Cats indoors or out

Indoor cat at window looking out
Cat at Window copyright by Psycho .Love. Stone!

Whether to keep cats indoors or out depends mostly on whether you're American or a Brit. I don't know enough about the other countries in Europe but I would expect them to be same or similar as the UK in their attitude to cat keeping.

But there is a huge difference between the UK and USA. For me, a Brit, it is a little surprising to read about the very high (by British standards) percentage of cats pedigree or otherwise that are permanently kept indoors in the States. There are though many more pedigree cats in the States and there are many more cat breeders there too. This is a factor I am sure.

However, the starting point is the mentality or culture of the people of each country. Americans it seems more or less expect to keep their cats in; the opposite starting point exists in the UK. Many British people let their cats come and go as they please unless there a good reasons why this shouldn't happen (e.g. a road nearby). This is because we believe cats naturally like to roam and have some territory. For us to "bang 'em up" as in prison feels unnatural and almost cruel. Sure it would also be cruel to negligently let a cat out near a busy road but is it better to let a cat have a happy natural but shorter life rather then a long and stagnant one? (this is a question please note not a statement). And if we do let 'em out a Reflecting Cat Set with Lead Collar may help.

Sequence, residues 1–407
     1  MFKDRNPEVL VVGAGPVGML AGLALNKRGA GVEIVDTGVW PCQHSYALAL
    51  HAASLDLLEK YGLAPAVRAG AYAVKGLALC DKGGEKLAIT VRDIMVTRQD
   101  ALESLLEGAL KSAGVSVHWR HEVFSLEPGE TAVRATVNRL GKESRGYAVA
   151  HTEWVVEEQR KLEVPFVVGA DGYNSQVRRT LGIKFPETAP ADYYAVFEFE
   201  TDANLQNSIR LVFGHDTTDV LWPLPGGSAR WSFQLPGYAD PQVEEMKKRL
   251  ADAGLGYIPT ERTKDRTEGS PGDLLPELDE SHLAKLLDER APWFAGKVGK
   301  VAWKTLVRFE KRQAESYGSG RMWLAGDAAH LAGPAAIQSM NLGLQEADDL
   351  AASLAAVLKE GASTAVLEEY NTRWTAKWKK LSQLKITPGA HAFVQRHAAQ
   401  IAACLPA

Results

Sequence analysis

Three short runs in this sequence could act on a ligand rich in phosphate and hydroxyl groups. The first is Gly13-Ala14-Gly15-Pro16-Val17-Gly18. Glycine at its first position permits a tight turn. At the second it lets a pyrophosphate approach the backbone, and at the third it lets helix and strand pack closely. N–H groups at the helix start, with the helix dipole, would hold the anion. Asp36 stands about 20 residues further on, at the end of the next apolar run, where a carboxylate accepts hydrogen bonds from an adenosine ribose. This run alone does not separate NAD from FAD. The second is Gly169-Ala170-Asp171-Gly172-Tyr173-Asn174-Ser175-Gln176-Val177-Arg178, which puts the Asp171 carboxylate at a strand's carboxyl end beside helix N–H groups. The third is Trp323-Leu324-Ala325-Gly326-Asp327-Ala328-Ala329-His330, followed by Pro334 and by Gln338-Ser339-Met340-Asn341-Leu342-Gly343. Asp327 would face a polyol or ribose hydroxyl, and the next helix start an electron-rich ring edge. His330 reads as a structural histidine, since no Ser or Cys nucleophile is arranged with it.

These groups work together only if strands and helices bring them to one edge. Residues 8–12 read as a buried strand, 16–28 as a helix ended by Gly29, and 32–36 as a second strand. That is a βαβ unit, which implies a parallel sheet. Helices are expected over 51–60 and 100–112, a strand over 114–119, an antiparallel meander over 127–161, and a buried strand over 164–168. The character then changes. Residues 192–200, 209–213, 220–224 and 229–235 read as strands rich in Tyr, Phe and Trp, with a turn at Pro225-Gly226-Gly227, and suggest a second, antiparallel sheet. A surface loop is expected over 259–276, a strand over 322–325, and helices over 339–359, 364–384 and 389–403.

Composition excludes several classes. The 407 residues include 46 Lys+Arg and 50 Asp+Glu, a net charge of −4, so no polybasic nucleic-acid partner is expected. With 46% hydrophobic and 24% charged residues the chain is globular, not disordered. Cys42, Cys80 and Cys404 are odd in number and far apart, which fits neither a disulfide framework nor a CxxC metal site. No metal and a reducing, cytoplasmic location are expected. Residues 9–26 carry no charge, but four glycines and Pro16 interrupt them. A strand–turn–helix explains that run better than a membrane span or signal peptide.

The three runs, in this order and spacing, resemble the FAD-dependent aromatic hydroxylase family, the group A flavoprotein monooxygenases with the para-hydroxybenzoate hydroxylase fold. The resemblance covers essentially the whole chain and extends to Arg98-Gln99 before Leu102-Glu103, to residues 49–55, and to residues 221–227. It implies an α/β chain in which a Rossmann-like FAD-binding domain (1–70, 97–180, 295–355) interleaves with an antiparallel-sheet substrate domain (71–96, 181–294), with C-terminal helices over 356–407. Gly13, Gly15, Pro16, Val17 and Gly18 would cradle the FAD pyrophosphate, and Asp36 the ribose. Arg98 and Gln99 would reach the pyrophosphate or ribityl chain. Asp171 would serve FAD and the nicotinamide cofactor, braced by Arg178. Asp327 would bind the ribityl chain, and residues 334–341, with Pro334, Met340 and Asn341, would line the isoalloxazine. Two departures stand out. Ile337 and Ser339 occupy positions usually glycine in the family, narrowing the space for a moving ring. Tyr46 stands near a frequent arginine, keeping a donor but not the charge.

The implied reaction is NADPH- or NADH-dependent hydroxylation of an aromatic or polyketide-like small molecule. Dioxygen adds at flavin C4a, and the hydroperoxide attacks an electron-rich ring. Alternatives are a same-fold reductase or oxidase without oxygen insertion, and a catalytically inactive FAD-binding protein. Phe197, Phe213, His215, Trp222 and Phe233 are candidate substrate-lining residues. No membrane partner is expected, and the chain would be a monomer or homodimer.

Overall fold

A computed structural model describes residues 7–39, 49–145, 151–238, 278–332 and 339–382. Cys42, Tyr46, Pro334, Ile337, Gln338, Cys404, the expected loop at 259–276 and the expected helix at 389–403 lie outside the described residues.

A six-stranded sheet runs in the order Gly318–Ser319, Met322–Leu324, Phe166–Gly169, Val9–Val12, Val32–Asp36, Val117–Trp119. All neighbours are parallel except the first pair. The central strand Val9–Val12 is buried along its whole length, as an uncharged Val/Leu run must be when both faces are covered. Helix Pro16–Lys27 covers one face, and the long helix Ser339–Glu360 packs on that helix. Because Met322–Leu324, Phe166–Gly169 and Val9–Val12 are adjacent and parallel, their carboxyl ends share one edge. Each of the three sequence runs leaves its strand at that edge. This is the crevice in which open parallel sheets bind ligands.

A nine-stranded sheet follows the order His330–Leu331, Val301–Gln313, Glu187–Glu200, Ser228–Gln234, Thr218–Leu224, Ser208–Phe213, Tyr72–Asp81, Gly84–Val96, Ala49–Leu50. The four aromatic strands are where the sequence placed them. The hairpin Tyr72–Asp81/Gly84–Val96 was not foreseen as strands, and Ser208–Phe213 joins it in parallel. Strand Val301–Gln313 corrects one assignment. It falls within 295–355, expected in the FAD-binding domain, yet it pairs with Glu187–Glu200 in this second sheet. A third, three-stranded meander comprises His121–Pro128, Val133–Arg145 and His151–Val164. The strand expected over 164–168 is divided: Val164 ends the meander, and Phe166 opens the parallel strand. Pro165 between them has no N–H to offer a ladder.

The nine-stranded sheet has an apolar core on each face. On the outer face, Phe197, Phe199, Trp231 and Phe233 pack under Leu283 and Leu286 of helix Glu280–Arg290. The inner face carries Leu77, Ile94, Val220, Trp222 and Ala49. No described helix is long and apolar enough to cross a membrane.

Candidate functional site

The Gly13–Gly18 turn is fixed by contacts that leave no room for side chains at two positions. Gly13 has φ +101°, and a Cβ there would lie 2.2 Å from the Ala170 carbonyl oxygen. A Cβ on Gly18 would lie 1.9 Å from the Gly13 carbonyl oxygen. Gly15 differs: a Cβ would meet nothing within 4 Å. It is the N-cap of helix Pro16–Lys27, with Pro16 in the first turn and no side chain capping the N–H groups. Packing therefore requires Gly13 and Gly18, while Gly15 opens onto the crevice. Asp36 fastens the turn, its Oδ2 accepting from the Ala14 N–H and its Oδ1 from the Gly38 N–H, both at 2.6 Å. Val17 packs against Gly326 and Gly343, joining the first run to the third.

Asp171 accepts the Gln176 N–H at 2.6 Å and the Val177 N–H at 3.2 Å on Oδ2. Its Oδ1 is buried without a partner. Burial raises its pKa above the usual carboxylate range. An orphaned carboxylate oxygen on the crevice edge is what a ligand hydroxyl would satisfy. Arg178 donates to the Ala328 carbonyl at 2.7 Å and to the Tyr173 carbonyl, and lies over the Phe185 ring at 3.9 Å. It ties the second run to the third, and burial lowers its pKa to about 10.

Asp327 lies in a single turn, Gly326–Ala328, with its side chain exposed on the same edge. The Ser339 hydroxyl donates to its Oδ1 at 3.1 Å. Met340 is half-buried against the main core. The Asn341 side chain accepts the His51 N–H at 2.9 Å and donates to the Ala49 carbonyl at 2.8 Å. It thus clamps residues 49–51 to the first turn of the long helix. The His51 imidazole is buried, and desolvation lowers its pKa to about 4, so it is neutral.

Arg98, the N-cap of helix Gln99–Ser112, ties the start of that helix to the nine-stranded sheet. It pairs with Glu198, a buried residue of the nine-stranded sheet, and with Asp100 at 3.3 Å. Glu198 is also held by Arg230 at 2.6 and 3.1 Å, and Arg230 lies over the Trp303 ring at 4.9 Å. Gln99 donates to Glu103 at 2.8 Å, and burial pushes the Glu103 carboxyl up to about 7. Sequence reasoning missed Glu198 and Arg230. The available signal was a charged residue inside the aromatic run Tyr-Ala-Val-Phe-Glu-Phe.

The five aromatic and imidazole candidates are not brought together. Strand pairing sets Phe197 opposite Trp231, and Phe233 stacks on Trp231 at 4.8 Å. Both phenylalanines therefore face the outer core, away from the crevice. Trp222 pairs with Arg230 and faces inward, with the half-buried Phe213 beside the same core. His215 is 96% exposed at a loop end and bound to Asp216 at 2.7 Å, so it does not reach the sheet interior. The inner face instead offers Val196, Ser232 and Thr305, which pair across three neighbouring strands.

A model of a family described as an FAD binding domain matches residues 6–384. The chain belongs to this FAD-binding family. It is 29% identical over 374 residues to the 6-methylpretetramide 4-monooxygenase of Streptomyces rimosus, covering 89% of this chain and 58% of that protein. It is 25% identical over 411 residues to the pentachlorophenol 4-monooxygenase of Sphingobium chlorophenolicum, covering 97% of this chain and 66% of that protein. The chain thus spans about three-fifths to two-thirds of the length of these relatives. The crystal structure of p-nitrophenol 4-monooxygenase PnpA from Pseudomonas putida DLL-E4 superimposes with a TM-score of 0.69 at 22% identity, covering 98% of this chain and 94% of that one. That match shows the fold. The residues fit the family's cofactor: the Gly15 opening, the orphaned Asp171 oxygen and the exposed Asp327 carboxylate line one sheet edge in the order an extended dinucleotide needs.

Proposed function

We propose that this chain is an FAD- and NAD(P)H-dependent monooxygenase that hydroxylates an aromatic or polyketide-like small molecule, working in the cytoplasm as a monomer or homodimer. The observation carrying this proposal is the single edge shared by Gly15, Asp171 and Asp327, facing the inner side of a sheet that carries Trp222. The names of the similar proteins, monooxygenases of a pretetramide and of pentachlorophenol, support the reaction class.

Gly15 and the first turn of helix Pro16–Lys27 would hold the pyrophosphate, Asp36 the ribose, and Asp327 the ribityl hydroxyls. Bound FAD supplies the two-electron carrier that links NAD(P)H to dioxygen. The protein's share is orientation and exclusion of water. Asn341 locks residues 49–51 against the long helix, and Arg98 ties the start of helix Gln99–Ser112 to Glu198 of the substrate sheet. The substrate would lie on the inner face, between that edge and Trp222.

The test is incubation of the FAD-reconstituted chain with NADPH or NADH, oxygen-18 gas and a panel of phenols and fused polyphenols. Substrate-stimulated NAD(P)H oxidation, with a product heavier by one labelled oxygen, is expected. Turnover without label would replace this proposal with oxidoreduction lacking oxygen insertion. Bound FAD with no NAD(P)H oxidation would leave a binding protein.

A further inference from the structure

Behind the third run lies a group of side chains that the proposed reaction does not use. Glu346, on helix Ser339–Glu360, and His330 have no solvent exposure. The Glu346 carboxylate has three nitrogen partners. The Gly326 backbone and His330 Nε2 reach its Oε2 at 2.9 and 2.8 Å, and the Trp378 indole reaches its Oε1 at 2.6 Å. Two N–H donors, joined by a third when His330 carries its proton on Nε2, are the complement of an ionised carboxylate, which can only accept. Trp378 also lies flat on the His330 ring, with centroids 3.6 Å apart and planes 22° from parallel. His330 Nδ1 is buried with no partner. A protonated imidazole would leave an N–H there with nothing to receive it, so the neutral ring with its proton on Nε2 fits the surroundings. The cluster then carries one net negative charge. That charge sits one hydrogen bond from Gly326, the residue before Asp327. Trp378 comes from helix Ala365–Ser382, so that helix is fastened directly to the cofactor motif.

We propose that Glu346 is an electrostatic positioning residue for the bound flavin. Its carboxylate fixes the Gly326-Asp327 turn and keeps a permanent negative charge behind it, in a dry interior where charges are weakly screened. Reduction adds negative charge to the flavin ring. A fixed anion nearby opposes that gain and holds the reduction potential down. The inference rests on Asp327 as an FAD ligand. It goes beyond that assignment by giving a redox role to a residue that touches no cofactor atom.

The truth is we shouldn't keep cats unless we can guarantee an environment that is right for them. Which means letting them go out safely. One obvious answer is a large cat enclosure. These are expensive but very safe and reassuring for cat and human.

I just think that at a fundamental level we have it all wrong. We keep cats to serve our interests. We do it for ourselves. As a result the cat's interests are ultimately secondary. This is also manifest in the new trend to buying dry cat food - extremely convenient and the manufacturers know this but not necessarily good food for cats - there is arguably too much starch and carbohydrate.